In addition, those exercises that take place in the ‘great outdoors’, such as running and cycling, can help further reduce stress and bring about a sense of wellbeing. This is one of the most common reported benefits amongst cyclists. And though the reports are mostly anecdotal, anyone who has ever had the pleasure of cycling through the countryside on a sunny day will readily support the calming effects it induces.
10: Exercise improves immune function and may increase longevity
I suppose it’s a bit of no-brainer really. If exercise decreases your susceptibility to developing type 2 diabetes and cancer, while reducing stroke and cardiovascular disease risk (which together contribute to a shocking 30-million premature deaths each year), then it stands to good reason that, statistically speaking, exercise may increase your life span.
But exercise helps to extend your expiration date in another way. Regular physical activity, including sport (especially those sports that take part within a social setting), has been shown to boost immune function. This is eminently a good thing. Studies have shown that people with a fully functioning immune system suffer fewer illnesses and diseases.
In addition, a good immune system can protect against foreign bodies, invading microbes, while also performing the important role of removing dead cells. But what is the immune system? Simply stated, the immune system is a vast heterogeneous network of cells – such as macrophages and phagocytes – organs, proteins and tissues that together work to protect the body from external and internal microbial threats.
An immune system that is said to be ‘functioning’ and ‘doing its job’ is one where all the constituent parts listed above are working in harmony. But also, good immunity can be evidenced when the relative volume of white blood cells is high. White blood cells perform a vital function; they are often likened to a marauding army of highly specialised soldiers whose job it is to seek out pathogens. When they discover a pathogen or foreign body ‘they begin to multiply and send signals out to other cell types to do the same.’
This then triggers a complex, coordinated and sustained multi-cellular attack which typically results in the ‘enemy’ (read invading pathogen) being destroyed – or at least being hastily escorted off the premises.
It stands to reason then, if the immune system is plays an instrumental and integral part in maintaining our continued survival, we ought to be doing everything we can to keep it in tact. According to the Harvard Medical School there are a number of ways to improve immune function; they include:
Eat a diet high in fruits and vegetables
Maintain a healthy weight
If you drink alcohol, drink only in moderation
Get adequate sleep
Take steps to avoid infection, such as washing your hands frequently and maintaining healthy hygiene practices
Try to minimize stress
And, you guessed it, EXERCISE regularly!
I’m loath to conclude this article on the sour note of a caveat, but I would be trading in misinformation and deception if I did not make two things explicitly clear.
The first thing: of all the benefits mentioned exercise only statistically decreases susceptibility – it is NOT preventative. It pains me to say this but, unfortunately, irrespective of how healthily we live, there is no absolute guarantee that we will not succumb to some species of epidemiological misfortune.
The second thing: exercise is NOT a panacea of all disease. Contrary to popular opinion exercise does not eliminate the detrimental effects that a toxic diet and poor lifestyle habits have on health. To better reap the rewards of exercise you must include it as part of the healthy lifestyle whole.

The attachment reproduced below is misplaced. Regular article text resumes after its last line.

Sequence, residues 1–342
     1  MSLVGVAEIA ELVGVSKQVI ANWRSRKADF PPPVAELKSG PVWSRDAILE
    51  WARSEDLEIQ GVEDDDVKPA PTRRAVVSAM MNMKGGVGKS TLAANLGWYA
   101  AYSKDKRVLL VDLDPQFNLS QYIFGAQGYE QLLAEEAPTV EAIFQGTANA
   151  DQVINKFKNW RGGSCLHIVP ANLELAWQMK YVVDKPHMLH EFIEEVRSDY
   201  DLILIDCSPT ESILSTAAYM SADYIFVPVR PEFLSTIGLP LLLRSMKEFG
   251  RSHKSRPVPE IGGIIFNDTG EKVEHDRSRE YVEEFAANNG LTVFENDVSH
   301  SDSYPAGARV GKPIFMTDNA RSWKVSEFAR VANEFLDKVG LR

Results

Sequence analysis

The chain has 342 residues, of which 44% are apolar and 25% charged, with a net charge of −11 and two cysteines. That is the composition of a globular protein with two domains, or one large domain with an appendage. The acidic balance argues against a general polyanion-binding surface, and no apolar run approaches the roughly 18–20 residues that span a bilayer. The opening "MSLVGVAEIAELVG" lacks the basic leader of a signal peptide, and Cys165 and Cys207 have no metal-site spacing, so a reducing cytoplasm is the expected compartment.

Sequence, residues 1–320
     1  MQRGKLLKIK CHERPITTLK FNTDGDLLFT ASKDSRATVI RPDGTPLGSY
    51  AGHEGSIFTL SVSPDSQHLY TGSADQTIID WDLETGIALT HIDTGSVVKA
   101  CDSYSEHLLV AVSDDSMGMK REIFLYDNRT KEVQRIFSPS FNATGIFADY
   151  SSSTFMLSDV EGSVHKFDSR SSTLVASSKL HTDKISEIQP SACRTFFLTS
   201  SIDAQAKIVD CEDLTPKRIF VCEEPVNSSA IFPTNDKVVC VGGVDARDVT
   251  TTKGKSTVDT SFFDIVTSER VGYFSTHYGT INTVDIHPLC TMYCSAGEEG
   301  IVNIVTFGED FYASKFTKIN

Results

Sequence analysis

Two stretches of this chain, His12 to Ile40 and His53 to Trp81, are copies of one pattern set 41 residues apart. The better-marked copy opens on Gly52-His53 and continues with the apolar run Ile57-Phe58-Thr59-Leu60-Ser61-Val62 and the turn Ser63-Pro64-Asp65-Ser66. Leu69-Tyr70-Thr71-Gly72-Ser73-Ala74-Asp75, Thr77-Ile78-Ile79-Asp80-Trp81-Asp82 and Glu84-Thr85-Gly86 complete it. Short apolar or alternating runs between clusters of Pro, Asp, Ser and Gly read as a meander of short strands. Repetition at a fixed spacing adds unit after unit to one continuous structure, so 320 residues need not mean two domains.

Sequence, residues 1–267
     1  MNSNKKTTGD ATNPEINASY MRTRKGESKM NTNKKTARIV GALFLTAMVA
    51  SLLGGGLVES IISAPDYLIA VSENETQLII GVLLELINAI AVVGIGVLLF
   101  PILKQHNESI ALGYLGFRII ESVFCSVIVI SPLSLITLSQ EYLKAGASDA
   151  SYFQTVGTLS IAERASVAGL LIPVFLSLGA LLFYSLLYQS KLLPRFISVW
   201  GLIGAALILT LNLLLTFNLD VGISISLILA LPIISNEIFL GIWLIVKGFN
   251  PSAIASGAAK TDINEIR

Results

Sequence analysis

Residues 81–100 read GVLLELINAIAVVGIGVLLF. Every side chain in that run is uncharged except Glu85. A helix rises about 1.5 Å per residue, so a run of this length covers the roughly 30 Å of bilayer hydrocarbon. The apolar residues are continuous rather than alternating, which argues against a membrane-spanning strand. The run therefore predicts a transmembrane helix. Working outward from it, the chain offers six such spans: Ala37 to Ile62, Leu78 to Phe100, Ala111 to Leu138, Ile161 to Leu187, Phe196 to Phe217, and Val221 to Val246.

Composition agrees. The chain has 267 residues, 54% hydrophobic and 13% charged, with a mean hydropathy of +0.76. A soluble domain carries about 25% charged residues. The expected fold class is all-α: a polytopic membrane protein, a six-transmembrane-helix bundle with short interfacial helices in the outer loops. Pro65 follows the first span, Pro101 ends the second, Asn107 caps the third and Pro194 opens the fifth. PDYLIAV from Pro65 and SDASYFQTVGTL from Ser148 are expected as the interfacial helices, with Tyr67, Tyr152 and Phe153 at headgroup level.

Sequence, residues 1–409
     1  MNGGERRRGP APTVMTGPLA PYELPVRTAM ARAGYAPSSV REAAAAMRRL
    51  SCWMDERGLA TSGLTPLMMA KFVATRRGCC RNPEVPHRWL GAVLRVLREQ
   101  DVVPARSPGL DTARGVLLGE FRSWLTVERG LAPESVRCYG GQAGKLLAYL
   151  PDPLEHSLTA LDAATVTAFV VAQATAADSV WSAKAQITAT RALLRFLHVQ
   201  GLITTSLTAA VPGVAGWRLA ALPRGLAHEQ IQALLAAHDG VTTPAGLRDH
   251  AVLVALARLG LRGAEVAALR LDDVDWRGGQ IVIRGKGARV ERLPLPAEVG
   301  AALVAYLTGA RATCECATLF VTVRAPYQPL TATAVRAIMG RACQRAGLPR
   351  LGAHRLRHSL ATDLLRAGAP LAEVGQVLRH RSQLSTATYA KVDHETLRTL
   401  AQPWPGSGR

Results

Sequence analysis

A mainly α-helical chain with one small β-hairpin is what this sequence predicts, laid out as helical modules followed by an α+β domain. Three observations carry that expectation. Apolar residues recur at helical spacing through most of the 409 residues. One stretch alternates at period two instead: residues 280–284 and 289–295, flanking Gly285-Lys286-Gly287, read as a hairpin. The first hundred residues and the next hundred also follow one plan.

Exercise action plan
Ok, you’ve read all about how keep fit keeps us healthy while also dramatically reducing the risk of developing many diseases, the question I’m sure you’re now asking is: how do I get more exercise in my life?
Because that question can be answered in numerous ways I’ve compiled a list of methods you could use to get more exercise in your life.
Designate at a minimum three days a week on which you can set aside 30 minutes to an hour for exercises (see example below). Once you’ve settled on the days decide at what time exercise is to take place. Now, if you’ve never exercises before, I would advise against rigorous exercise. Start with just a walk, or an easy cycle, swim or light session at the gym. Stick to this low intensity regime for a minimum of two weeks and then, when you feel ready, raise the intensity.
Partner up with a buddy and get active together. Better still, if you’ve got a friend/family member who is already active, ask them to show you the ropes or take you under their wing.
Why not download one of our excellent exercise programmes? Each programme provides you with all the tools, teaching and training needed to take charge of your fitness and become you own personal trainer.
Purchase a copy of the Hungry4Fitness Book of Circuits Vol.1 and get instant access to a wealth of pre-planned training sessions.
(As we are very interested in user experience here at Hungry4Fitness, we would be very grateful if you could take a few seconds out of your day to leave a comment. Thanks in advance!)
Adam Priest is a former Royal Marines Commando, personal trainer, lecturer, boxing and Thai boxing enthusiast.
Curtis. A. (2000) Healthy Psychology. Routaledge. USA.
Griffen. J. Tyrrell. I (2003) Human Givens. HG Publishing. UK.
Haslam. C. Jetten. J. Crywys. T. Dingle. G. Haslam. A. (2018) The New Psychology of Health. Rutledge. New York.
Fuller J.t. Hartland, M.C. Maloney, L.T. Therapeutic effects of aerobic and resistance exercises for cancer survivors: a systematic review of meta-analyses of clinical trials:
Br J Sports Med, 52 (20) (2018), p. 1311
Owen N, Sparling PB, Healy GN, Dunstan DW, Matthews CE. Sedentary behavior: emerging evidence for a new health risk. Mayo Clin Proc. 2010;85(12):1138‐1141. doi:10.4065/mcp.2010.0444 (cited online (6/6/2020):